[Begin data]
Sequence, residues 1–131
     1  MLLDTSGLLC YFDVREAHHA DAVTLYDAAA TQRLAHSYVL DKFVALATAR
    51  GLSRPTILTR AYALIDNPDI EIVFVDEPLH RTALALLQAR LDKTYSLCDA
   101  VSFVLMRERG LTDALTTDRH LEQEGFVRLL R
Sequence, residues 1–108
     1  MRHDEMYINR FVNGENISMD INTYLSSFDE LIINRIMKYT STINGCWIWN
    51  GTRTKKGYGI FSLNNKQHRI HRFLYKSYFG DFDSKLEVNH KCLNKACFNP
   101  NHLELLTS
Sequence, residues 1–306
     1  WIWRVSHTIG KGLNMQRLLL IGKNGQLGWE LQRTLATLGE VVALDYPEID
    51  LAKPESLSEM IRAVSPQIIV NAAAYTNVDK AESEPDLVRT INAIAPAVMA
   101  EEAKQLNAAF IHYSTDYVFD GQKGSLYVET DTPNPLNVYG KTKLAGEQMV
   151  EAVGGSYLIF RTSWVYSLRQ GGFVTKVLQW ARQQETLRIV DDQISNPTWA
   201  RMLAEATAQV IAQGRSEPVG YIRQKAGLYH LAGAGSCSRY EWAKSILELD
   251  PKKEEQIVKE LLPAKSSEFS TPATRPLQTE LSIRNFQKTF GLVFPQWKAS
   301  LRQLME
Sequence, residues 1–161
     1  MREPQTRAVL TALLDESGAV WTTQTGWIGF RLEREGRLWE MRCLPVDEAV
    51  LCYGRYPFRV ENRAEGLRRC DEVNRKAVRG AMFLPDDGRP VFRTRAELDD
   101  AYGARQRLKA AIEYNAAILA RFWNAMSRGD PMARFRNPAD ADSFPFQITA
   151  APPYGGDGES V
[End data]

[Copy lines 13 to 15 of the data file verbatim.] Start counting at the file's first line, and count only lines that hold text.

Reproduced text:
   151  EAVGGSYLIF RTSWVYSLRQ GGFVTKVLQW ARQQETLRIV DDQISNPTWA
   201  RMLAEATAQV IAQGRSEPVG YIRQKAGLYH LAGAGSCSRY EWAKSILELD
   251  PKKEEQIVKE LLPAKSSEFS TPATRPLQTE LSIRNFQKTF GLVFPQWKAS